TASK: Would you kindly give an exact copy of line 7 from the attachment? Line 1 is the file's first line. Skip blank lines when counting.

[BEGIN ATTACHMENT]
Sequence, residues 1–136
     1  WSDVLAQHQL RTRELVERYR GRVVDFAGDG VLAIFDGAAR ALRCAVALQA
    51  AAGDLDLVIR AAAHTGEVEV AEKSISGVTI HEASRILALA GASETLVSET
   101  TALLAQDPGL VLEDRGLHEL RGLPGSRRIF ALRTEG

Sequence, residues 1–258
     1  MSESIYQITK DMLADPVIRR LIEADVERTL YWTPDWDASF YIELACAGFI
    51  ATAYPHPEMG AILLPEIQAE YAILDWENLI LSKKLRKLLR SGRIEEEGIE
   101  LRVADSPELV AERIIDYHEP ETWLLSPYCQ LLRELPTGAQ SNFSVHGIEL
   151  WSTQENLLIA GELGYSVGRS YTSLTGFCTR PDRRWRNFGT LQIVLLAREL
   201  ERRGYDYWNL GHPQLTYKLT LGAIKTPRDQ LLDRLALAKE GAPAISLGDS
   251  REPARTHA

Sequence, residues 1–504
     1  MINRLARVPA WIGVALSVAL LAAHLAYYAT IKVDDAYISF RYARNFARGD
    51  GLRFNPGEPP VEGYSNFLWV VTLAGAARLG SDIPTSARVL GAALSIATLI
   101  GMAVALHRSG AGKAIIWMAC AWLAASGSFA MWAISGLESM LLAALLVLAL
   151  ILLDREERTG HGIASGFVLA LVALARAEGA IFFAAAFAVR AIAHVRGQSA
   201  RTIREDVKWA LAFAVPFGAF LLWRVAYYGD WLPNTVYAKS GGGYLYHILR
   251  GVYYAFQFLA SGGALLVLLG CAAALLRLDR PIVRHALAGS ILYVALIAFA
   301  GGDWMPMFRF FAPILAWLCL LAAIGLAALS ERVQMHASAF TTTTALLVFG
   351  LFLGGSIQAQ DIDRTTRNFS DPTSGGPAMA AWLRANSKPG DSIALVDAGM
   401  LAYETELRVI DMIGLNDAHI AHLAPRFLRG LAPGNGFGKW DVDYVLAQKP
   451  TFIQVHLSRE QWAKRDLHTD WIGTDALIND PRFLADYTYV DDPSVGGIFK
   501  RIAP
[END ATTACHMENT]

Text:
    51  ATAYPHPEMG AILLPEIQAE YAILDWENLI LSKKLRKLLR SGRIEEEGIE